Keeping the Peace
2 257 words
“Explain how Australia met the world through peacekeeping efforts in the Post-war period”
Since the end of World War II, Australia has become increasingly aware of its image in the global arena. Australia has long been proud of its reputation as a strong supporter of the United Nations and in short a “good international citizen”. With the “enthusiasm of an idealist and the satisfaction of a creator”, Australia has played an active role in the UN’s establishment; the Labor government saw the organisation as a means of promoting peace and harmony throughout the world, reducing international tensions, and as an opportunity for smaller powers to influence those greater. Peacekeeping operations began with sincere intent over 60 years ago in Indonesia 1947, and continue to the present day . This essay will discuss the changing patterns of government attempts at peacekeeping initiatives in the post war period, controversy surrounding the operations including motivations and justification, and a case study on Australian and United Nations peacekeeping in East Timor, to best illustrate how Australia met the world and its inhabitant nations through its peacekeeping efforts.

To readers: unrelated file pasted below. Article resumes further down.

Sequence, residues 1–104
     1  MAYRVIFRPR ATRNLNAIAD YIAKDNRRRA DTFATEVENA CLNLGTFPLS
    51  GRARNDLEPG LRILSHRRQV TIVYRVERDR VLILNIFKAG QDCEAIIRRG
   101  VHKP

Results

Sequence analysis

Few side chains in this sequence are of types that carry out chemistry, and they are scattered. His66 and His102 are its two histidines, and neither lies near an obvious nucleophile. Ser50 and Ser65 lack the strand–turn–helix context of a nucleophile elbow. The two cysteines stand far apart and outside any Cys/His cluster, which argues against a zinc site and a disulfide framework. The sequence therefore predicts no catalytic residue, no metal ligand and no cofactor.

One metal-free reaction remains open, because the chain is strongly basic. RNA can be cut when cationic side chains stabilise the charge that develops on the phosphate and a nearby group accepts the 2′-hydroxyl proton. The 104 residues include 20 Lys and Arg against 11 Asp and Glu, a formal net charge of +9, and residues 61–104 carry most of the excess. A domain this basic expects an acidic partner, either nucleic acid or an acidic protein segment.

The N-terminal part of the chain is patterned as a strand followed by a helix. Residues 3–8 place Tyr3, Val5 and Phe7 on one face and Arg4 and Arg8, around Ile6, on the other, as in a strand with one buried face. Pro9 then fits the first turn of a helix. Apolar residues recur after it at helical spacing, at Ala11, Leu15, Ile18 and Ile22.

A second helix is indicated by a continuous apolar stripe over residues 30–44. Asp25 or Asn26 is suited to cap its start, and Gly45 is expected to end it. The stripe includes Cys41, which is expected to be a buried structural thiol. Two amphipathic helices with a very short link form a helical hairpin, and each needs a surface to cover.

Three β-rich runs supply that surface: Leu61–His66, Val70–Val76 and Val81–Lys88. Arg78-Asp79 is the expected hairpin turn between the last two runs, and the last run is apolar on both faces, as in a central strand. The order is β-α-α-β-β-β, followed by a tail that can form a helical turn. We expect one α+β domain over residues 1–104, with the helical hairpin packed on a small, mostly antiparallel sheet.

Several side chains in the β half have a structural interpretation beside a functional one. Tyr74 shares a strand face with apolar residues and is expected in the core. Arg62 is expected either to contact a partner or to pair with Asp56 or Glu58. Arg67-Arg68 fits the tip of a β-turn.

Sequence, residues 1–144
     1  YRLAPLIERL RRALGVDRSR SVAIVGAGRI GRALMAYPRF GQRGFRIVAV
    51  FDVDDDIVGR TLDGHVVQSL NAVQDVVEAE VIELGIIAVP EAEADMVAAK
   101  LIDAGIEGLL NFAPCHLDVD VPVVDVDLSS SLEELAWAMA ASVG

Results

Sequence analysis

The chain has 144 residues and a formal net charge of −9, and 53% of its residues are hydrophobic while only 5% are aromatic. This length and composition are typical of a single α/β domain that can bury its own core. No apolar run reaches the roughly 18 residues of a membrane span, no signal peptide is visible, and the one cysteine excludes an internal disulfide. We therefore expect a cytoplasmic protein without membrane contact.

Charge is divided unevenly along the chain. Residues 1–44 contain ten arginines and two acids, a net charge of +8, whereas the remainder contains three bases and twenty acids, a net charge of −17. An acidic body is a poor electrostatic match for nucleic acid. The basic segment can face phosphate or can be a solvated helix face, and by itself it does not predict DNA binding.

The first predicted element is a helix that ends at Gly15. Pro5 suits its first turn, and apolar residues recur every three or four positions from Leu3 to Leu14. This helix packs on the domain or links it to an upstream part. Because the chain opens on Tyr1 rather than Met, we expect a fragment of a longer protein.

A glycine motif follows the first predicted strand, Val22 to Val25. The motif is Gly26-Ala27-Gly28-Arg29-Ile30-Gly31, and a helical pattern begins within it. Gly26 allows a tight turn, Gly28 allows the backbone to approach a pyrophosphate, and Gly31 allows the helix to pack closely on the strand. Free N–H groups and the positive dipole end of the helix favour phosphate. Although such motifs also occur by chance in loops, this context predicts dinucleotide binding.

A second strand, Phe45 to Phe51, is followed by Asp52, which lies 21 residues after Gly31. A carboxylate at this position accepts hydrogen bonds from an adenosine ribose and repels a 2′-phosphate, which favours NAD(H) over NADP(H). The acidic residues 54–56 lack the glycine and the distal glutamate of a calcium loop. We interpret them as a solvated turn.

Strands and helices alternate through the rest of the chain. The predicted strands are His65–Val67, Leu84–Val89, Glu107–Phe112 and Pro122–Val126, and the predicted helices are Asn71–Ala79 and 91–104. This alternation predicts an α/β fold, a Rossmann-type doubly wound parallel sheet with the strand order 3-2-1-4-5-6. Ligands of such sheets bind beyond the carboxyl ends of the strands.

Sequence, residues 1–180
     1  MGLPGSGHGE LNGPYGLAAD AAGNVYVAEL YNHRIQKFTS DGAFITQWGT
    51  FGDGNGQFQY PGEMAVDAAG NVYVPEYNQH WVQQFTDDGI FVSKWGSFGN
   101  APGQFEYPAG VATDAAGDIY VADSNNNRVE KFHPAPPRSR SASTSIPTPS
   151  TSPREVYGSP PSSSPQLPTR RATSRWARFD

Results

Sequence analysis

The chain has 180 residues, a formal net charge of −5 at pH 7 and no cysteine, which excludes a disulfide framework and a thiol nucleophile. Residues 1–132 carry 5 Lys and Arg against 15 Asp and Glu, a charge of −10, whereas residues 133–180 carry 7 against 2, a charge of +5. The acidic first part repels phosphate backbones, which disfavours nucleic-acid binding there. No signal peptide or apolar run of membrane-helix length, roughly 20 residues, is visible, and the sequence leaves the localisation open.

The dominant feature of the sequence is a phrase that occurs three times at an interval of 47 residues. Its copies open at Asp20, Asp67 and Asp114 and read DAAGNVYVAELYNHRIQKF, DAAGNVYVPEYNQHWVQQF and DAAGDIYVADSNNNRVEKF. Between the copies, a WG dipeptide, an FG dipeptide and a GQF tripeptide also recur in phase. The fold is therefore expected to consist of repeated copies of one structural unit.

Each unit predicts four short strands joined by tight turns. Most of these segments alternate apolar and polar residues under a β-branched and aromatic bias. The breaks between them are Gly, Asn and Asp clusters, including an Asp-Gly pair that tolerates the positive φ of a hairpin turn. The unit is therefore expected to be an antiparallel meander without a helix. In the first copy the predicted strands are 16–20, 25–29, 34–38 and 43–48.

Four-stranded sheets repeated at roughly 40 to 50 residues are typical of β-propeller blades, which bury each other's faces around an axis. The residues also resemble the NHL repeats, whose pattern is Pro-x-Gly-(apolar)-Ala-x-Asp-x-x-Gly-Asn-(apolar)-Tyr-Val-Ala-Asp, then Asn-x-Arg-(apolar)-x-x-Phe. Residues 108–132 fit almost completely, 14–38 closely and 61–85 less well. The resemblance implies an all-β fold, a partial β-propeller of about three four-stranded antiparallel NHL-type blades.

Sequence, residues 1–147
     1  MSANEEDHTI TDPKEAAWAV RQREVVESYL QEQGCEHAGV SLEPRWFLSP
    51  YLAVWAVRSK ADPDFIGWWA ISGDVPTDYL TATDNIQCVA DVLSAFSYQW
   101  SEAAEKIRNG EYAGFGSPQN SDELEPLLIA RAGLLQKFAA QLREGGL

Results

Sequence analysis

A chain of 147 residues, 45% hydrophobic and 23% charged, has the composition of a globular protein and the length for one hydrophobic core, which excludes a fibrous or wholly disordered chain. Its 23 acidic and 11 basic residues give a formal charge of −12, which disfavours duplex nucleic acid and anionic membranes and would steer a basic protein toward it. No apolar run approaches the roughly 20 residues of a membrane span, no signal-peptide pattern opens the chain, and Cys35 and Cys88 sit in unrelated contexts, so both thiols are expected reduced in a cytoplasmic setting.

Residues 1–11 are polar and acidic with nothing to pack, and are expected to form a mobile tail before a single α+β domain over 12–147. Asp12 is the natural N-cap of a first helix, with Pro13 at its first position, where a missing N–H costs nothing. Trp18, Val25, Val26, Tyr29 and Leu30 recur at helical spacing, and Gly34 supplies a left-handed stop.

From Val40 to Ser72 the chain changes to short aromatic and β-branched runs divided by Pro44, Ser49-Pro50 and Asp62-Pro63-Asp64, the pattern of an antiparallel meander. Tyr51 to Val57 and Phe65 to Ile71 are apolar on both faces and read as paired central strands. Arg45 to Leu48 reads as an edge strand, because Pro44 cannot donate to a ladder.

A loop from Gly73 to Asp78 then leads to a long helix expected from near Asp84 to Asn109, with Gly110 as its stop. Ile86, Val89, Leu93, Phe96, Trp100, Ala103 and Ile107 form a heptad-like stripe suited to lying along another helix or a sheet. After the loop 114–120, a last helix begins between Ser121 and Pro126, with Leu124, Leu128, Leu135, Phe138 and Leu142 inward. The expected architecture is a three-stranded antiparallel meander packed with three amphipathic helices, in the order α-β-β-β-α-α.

Peacekeeping is defined by the United Nations as “a way to help countries torn by conflict create conditions for sustainable peace.” Peacekeepers therefore assist the peace process in conflict areas and monitor and observe progress. As aforementioned, peacekeeping began in earnest in Indonesia 1947, under the UN Consular Commission, and UNGOC, the UN Good Offices Commission . There, 4 military observers were involved and approximately 45 personnel to monitor ceasefires and ensure peace between Dutch colonists and Indonesian nationalists during the transfer of sovereignty. Shortly after in 1948, Australian Foreign Minister Dr H.V. Evatt became president of the General...